Safonoff, Wassily Ilyitch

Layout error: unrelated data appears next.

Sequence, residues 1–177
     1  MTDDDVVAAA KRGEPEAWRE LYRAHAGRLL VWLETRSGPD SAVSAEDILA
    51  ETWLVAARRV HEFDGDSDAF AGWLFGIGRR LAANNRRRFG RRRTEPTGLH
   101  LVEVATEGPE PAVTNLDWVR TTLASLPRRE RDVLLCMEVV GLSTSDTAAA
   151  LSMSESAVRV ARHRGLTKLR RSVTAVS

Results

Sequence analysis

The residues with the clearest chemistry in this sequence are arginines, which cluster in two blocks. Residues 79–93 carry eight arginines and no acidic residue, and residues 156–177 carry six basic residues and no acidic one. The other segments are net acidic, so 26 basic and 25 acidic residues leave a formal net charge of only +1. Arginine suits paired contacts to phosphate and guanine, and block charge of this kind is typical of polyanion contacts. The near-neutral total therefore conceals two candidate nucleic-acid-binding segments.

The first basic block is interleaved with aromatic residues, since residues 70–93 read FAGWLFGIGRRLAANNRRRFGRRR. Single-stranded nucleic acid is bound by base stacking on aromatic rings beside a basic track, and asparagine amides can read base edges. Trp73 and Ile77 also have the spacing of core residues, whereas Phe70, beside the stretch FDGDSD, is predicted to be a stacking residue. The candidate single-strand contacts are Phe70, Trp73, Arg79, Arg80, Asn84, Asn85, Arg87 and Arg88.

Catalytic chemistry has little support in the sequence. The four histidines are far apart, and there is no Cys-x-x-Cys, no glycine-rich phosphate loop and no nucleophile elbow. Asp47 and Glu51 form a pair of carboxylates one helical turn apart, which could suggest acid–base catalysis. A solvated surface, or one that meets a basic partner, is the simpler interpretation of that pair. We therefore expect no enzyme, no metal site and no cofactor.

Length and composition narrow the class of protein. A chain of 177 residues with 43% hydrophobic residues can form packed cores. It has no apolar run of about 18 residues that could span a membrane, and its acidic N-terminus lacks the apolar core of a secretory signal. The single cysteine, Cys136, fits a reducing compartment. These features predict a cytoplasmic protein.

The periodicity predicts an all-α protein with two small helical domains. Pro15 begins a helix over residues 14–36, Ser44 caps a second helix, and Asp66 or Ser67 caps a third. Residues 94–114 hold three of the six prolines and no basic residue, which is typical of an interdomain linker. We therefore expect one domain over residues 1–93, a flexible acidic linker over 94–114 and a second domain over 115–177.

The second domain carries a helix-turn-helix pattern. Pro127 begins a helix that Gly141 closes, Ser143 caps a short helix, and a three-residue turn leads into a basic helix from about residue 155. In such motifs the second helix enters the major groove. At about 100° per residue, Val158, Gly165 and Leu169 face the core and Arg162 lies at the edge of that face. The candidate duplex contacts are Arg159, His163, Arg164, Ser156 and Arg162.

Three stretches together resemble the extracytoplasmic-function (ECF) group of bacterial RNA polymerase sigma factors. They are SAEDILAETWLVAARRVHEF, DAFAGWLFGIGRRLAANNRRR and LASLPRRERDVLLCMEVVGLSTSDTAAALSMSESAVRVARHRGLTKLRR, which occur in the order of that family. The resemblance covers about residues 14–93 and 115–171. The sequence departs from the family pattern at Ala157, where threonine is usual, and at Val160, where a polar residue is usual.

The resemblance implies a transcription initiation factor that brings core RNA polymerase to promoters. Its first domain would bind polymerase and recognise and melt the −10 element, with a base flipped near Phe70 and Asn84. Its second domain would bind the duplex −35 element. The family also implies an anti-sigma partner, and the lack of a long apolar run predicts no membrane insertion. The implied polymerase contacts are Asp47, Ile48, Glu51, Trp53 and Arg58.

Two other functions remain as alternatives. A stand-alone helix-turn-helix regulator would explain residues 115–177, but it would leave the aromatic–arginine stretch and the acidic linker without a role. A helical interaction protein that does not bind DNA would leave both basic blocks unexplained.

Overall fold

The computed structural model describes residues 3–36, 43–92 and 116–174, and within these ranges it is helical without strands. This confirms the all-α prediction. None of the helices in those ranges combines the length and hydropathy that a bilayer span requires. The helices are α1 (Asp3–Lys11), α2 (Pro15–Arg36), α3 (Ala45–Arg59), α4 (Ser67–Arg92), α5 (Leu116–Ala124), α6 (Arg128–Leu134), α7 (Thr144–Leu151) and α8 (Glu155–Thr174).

Famous Russian conductor, pianist and teacher, who was born in the Cossack village of Istchory, on the river Terek; his father being a well-known Cossack general. Until the age of ten, Safonoff lived in the Caucasus. He then became a student at the first Gymnasium of St. Petersburg, where he remained until 1866, when he was chosen as a pensioner of the Emperor Alexander II., to be placed at the Imperial Alexander Lyceum. While at that institution he became a private pupil of Theodore Leschetizky in piano and Zaremba in musical theory. He later studied piano with Brassin at the Imperial Conservatory of St. Petersburg, winning, in 1881, the gold medal. Soon afterward he was appointed teacher of piano at the Conservatory of St. Petersburg, a post he held until 1885, when he was engaged as professor of the piano by the Moscow Conservatory. While at the St. Petersburg Conservatory Safonoff formed an orchestra among the pupils, and improved it to the point of being able to give public performances. In 1889 he was appointed director of the St. Petersburg Conservatory, and in 1890 combined with this position the post of conductor of the Imperial Society of Music of Moscow, both of which posts he continued to hold until 1905, when he was engaged as permanent conductor of the Philharmonic Society of New York and director of the National Conservatory of Music of America, which posts he holds at the present time. As a conductor Safonoff is without a superior, and at the Symphony concerts of the Imperial Society during the last twenty years he has achieved striking results in planning programs and in the performance of good music. He has been active in promoting the work of the younger Russian School, bringing out works by Rimsky-Korsakpv, Glazounoff and those of the Belgian, Cesar Franck, and of the Frenchmen, Lalo and Charpentier. Safonoff commenced his career as a pianist, giving many concert tours through Russia, Germany, Austria and Hungary with the celebrated cellist, Charles Davidoff, but after his engagement as conductor of the Imperial Society of Music he devoted himself exclusively to his new vocation, and has conducted in all the principal cities of Russia, as well as in Paris, London, Berlin, Vienna, Prague, Rome, Amsterdam and Copenhagen. His debut in Vienna, in the winter of 1893, resulted in his engagement as visiting conductor of the New York Philharmonic Society. This honor he shared with several noted European conductors, until the Philharmonic Society decided to make a contract with him as permanent conductor for three years. Safonoff is a tireless worker, and while connected with the St. Petersburg Conservatory it is said there was not a pupil in the great institution whose name he did not know and with whose progress he was not familiar. Besides his pedagogical work, Safonoff accomplished the construction of the new building of the Moscow Conservatory, which was erected according to his plans and suggestions and opened in April, 1901. On the occasion Safonoff was nominated an honorary member of the Imperial Russian Society of Music and was presented with the high decoration of St. Stanislas* star by the Emperor, receiving the title of excellency, conferred by the Emperor for his services in the musical field. Safonoff took part as conductor at the coronation festivities of the Emperor Nicholas II. in 1896, conducting the festival cantata in Moscow. He also conducted the musical performance at the jubilee of the poet, Pushkin, in Moscow, where a cantata was sun by 2000 children's voices, with four military bands taking part. He is married to the daughter of the late minister of finance of Russia, M. Wyschnegradsky.